So, if you want to play, say, the new Halo Infinite game that was also announced at E3 this week, you can buy the Atari VCS, a storage drive with Windows on it and, if you use your existing games controllers, it will only cost you $290. Not including the cost of the game itself.
Or, you know, you could buy an Xbox One from $200. Likewise a PlayStation 4.
Whichever way you cut it, the Atari VCS makes absolutely no sense. The company is completely untested when it comes to hardware – and in fact Atari isn't a real company anymore, it's more of a marketing shell that owns Atari's intellectual property with a skeleton staff and no games expertise – so it's a virtual guarantee that the new VCS console will be buggy.
In a highly competitive market, Atari has decided to offer less, at a higher price, with less convenience than established names, and it won't even commit to a launch date.
The biz is even confused about its only market advantage: the Atari brand and styling. From its announcement this week: "The legendary brand is keenly focused at E3 on the things that set the Atari VCS apart from more established game consoles and the platform’s performance capabilities while distancing the hardware from any lingering 'retro-box' impressions. Like the modern hardware that it lives on, the Atari VCS digital interface stands out with a striking and modern design, successfully taking inspiration from a vast and beloved heritage."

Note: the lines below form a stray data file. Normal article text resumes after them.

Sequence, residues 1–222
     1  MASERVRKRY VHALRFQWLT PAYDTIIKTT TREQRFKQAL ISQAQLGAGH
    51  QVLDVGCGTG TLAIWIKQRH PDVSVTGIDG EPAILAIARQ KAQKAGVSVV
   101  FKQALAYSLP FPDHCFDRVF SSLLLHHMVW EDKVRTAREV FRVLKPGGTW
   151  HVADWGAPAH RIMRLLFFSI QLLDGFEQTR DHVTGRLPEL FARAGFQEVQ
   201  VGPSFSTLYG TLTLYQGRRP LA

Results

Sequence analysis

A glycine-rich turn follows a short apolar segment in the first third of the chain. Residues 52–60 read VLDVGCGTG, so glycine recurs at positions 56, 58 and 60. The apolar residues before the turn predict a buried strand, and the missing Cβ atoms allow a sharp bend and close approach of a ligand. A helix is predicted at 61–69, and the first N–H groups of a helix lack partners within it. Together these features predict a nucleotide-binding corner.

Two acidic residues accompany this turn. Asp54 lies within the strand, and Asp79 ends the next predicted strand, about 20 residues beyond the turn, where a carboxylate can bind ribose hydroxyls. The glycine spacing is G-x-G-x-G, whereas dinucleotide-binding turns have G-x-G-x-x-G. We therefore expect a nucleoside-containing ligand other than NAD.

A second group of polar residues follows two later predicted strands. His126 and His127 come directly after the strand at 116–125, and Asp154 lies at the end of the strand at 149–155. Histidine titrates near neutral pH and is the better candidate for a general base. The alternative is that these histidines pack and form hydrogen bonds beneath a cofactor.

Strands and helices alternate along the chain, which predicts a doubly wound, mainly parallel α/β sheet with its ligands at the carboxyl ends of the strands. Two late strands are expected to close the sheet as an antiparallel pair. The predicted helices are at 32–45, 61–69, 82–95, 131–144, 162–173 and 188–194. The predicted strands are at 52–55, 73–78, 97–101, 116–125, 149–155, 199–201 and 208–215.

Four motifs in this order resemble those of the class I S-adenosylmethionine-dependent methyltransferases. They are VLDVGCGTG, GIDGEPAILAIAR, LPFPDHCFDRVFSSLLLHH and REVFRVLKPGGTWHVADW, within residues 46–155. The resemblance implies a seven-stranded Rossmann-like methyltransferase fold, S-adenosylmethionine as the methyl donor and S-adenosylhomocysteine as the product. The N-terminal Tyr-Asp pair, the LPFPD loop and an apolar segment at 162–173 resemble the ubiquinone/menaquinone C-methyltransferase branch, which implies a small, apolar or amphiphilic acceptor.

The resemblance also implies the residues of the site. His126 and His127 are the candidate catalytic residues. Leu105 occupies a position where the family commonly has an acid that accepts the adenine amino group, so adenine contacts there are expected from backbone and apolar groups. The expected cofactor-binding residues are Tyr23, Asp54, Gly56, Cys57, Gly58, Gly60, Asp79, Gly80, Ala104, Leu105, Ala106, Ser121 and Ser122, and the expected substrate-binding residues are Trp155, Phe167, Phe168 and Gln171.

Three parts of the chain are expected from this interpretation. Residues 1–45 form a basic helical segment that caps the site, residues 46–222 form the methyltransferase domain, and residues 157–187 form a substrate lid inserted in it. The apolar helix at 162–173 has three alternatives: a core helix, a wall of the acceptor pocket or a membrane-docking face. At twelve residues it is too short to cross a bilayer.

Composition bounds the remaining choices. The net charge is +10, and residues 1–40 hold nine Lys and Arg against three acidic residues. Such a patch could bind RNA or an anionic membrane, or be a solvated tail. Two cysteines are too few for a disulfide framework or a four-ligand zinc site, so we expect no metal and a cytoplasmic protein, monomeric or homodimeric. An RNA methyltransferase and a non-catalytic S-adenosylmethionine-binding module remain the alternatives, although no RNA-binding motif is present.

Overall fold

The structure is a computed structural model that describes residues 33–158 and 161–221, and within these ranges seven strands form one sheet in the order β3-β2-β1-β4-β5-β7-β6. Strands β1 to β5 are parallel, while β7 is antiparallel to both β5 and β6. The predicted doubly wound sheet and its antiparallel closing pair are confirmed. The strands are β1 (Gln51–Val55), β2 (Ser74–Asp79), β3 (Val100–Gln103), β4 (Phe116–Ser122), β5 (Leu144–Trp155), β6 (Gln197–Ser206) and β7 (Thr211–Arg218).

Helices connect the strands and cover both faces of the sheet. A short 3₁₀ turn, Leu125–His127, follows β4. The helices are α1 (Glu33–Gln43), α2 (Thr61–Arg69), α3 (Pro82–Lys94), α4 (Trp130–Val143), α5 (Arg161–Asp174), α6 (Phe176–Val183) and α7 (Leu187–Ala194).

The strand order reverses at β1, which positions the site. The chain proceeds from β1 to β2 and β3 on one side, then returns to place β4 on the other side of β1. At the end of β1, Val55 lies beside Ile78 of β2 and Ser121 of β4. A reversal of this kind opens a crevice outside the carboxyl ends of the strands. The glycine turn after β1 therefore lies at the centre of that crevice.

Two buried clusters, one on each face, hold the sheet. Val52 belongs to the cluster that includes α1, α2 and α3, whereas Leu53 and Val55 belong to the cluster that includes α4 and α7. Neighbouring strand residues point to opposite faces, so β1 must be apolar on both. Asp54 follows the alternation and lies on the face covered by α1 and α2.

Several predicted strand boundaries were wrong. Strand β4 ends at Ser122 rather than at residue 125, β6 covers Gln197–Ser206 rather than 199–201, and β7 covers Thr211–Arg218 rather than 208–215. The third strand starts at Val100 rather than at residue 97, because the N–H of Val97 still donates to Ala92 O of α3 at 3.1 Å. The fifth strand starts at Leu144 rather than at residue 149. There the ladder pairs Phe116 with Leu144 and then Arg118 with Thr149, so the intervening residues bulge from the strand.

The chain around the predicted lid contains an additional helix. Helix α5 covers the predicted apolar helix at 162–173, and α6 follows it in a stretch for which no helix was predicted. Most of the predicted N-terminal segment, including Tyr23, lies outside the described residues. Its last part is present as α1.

The console's design is specifically made to look like the Atari 2600 of old – which is pretty much the only exciting thing about this project. And yet, despite that, Atari itself says it is "distancing the hardware from any lingering 'retro-box' impressions" while not actually doing that. It's like shooting yourself in the foot and then claiming you meant to shoot yourself in the head.
There are, by the way, no screenshots yet of the Atari operating system so we'll take it with a pinch of salt that the user interface has a "striking and modern design."
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Of course what Atari should have done when it first accidentally stumbled on the fact that there will still a lot of people out there willing to pay money for an Atari console, is what Nintendo did when it released a retro version of its classic NES console in 2016. It sold 1.5 million units for $60 a pop, and people loved it.
Had Atari simply recreated the beloved Atari 2600 and charged $100 for it, it could have created its own market retro market and made a tidy profit. If it had been smart, it could also have opened up its games and encouraged a new generation of gamers and coders to develop new games for the console: just look at the success of Roblox.
Instead what it's done is spunk $3m of its fans' money on developing an under-powered, out-dated, over-priced, over-complicated console that will please no one and go nowhere. But then it's not as if this has come as a big surprise. The warning signs were there from day one and our baffling interview with its chief operating officer over a year ago – something the manufacturer tried to pass off as trolling – should have told you all you needed to know. ®